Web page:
The catering equipment industry has long suffered from a lack of engineering resource, therefore this was one of the topics under the microscope at the 2016 Industry Technical Conference, jointly organised by CEDA and CESA.
The discussion, taking place at the Nottingham Belfry Hotel on 12 October, opened with Combico’s technical training manager, Martin Dagnall, detailing the opportunities the new headquarters for the training provider’s parent company, the First Choice Group, will bring.
Opening next year, the new facility will feature three training rooms and three live kitchens to accommodate courses for up to 80 engineers. Dagnall feels that Combico will also be able to focus more on ACS qualifications too through the dedicated area. The firm is already approved by Logic Certification as an assessment centre and offers the COMCAT 1, 2 and 3 courses, CCN1 and CONGLP 1, plus an electrical competency course, among others. Furthermore it also runs COCAT courses to enable domestic equipment engineers to swap over to commercial catering appliances.
“We tried to pick core sections that engineers need now,” explained Dagnall. “We can offer managed learner programmes to bring new people into gas engineering and build course bundles to turn people into catering equipment engineers in around 12 months.”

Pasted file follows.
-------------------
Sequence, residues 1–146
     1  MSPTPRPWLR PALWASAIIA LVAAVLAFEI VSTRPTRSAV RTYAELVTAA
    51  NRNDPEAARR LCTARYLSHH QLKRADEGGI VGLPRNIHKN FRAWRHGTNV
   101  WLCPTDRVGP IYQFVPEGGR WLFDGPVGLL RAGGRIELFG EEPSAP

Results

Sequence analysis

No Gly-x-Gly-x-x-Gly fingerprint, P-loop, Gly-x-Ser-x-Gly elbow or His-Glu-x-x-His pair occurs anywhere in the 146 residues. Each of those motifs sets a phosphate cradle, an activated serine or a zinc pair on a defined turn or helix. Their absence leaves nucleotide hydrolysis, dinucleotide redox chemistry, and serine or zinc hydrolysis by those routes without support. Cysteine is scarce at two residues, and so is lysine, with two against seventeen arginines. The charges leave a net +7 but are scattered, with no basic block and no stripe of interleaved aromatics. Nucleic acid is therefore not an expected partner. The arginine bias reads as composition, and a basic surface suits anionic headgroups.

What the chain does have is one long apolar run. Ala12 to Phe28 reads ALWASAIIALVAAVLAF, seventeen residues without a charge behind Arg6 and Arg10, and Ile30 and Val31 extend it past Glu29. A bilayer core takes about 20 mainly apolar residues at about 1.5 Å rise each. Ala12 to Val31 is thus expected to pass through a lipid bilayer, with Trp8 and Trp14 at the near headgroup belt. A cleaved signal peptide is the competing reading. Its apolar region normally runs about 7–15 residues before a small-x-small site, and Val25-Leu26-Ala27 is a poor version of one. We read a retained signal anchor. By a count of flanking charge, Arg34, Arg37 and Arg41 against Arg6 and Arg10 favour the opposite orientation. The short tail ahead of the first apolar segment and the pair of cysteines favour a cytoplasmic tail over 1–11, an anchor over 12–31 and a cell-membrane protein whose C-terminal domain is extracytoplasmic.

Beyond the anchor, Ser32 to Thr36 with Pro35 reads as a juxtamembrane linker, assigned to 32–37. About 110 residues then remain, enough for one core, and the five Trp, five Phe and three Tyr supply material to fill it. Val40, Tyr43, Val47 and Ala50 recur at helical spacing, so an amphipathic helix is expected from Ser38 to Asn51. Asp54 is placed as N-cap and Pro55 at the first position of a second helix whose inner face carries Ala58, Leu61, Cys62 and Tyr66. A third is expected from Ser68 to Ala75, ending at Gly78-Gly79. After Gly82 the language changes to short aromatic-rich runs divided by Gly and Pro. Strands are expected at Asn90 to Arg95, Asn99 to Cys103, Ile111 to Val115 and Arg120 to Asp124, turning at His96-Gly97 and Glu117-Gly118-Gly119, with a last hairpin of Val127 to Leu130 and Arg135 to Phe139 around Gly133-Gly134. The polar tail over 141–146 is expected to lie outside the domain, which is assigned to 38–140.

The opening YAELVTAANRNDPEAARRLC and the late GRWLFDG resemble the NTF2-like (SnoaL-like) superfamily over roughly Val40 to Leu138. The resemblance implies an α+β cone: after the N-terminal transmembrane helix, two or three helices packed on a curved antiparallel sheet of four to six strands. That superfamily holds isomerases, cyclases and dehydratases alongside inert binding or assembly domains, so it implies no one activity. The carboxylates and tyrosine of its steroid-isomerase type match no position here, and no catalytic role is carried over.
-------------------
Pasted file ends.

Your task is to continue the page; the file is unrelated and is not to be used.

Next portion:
He also mentioned that there will be opportunities for government funding to turn ex-armed forces servicepeople into catering appliance engineers, a programme which was detailed further later in the day by Simon Osborne director of Cross Deck, an initiative which helps these former forces personnel back into civilian life. Cross Deck worked with CEDA to find a way to close the skills gap which could be a barrier to entry for service personnel to become catering equipment engineers, with Combico designing a course for complete gas training to ACS accreditations and electrical competence.
Cross Deck aims to start recruiting candidates from early 2017. “It’s not just about classroom training,” said Osborne. “We will put them through a period of work experience, and they are not just there to absorb, they can be productive too. After we identify good candidates, we will pair them with CEDA members for work placements, and they can undertake these while they are still serving in the military, so there would be no cost to distributors for this.”
After the placement, the candidate can be taken on by the dealer, or would be available for other CEDA members to take on. “We need engagement from the industry to help a pipeline of good candidates come through,” urged Osborne.